This guy was delivered, with a lot of help, Friday afternoon. He is a big boy, weighing in at an approximated 110 pounds. To give you a a comparison, our average calf weight out of heifers is about 70 pounds.
The first clue as to the size of a calf at birth are his feet, which stick out first during delivery. It's hard to tell by the picture, but this guys feet are massive, and upon seeing them my dad immediately got the heifer in and proceeded to help deliver the calf, which saved his life. Without assistance, this calf, and most likely his mother, would have both died. This is another example of management practices ranchers put in place for the health and well being of their cattle. We didn't try to breed her so she would have a calf this size, but sometimes accidents happen, and thanks to my dad being on call 24-7, and knowing what to do, everyone is alive and healthy.
We also manage our heifers to be fairly close to their mature body weight at the time they have their first calf, which greatly increased the chances of success in this instance. Ranchers can feed their replacement heifers different rations that will result in them being closer or further from their mature body weight at the time they have their first calf.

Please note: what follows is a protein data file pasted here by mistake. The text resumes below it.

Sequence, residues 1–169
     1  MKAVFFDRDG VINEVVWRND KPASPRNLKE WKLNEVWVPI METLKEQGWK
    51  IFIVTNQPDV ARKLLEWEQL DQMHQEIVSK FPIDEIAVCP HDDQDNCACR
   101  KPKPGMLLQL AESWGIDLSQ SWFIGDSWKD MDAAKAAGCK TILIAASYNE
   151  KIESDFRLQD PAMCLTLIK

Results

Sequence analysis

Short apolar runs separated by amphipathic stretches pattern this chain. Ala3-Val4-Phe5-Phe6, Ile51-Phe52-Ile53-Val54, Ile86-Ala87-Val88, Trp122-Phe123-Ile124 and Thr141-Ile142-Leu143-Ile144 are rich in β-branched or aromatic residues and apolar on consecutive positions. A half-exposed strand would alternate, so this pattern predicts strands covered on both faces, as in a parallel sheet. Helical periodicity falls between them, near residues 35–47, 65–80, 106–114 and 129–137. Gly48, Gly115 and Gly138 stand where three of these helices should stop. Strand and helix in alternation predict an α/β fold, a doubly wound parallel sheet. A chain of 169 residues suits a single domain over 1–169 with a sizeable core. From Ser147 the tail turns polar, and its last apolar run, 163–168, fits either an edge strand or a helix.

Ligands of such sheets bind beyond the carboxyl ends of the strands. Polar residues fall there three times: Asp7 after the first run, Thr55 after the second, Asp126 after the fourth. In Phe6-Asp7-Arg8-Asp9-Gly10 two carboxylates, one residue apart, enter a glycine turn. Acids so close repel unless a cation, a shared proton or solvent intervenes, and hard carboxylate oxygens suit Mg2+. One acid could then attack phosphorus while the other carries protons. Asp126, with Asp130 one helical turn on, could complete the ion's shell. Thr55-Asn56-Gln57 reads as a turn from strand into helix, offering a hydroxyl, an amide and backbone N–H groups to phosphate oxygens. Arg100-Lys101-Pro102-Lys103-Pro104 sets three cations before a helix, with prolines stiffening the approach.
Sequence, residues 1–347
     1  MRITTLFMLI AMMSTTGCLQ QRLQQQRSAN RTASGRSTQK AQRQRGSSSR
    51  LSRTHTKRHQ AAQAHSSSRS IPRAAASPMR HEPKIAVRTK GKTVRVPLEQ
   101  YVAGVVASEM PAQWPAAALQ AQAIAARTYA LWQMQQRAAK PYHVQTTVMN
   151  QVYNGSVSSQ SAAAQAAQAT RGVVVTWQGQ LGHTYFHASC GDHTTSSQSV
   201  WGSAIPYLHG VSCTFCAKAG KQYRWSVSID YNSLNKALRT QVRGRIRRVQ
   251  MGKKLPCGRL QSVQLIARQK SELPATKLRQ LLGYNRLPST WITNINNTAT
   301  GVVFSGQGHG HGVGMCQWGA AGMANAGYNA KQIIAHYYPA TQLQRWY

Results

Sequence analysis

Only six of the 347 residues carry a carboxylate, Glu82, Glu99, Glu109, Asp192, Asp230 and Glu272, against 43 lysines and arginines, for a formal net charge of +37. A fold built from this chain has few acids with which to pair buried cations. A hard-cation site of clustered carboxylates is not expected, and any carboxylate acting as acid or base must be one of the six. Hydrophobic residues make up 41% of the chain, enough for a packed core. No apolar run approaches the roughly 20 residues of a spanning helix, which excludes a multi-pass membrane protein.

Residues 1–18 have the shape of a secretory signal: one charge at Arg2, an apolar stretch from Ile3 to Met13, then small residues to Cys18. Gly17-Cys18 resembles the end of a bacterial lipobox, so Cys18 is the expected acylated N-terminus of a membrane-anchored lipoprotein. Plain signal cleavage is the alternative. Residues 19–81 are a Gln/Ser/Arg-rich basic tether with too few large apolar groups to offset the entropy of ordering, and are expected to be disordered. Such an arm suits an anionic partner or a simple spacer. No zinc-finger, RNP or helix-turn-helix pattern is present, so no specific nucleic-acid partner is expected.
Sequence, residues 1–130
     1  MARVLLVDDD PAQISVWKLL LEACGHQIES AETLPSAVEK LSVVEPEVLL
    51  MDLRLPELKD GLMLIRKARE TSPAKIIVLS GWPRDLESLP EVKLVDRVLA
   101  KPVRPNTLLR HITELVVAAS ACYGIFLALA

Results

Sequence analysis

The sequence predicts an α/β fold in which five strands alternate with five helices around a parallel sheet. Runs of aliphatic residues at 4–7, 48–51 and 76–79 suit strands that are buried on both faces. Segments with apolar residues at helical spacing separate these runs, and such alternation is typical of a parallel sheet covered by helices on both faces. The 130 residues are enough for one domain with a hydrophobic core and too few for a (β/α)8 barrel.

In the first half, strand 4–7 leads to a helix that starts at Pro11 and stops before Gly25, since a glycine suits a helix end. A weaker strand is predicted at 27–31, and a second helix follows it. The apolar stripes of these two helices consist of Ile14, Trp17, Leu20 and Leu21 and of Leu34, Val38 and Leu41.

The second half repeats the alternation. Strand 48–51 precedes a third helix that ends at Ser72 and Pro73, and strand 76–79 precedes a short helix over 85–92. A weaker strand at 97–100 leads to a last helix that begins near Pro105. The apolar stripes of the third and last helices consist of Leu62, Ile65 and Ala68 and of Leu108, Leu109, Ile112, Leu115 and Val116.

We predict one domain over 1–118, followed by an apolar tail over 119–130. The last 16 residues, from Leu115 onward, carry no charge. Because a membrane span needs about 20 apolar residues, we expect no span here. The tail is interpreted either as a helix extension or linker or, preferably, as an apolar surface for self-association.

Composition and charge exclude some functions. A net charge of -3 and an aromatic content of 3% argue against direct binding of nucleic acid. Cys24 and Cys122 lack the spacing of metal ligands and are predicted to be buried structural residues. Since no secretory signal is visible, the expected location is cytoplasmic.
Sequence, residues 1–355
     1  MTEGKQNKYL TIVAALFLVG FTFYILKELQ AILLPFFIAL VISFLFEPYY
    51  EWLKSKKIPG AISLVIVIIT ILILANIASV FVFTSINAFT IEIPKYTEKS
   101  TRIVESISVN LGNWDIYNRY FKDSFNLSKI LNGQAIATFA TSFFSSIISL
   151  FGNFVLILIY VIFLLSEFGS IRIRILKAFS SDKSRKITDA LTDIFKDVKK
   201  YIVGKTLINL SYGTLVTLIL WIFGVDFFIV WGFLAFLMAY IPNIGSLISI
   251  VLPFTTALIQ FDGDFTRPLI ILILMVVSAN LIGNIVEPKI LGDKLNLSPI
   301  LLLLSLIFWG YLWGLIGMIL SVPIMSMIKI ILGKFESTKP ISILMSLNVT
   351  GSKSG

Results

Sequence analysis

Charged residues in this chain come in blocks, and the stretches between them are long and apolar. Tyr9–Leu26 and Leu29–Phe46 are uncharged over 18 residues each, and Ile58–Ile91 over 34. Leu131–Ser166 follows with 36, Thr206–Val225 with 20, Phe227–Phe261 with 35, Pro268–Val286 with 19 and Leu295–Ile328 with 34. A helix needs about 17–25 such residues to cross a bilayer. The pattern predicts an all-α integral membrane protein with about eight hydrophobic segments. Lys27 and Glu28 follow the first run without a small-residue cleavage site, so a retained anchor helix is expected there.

If that heifer had been 300 pounds lighter, it's very unlikely she would have survived the birth.
Here are a couple other heifers, and their calves, to show you how big most calves are in comparison to their moms.
He is much bigger. It is a bull calf, and had it been a heifer, her tag number would have been noted, and she would not be kept as a replacement due to being so large at birth. We don't like to have calves this big - it's hard on the mom, results in more calving problems and calves that die, and is unnecessary, as smaller birth weight calves will grow and gain as much as large birth weight calves today.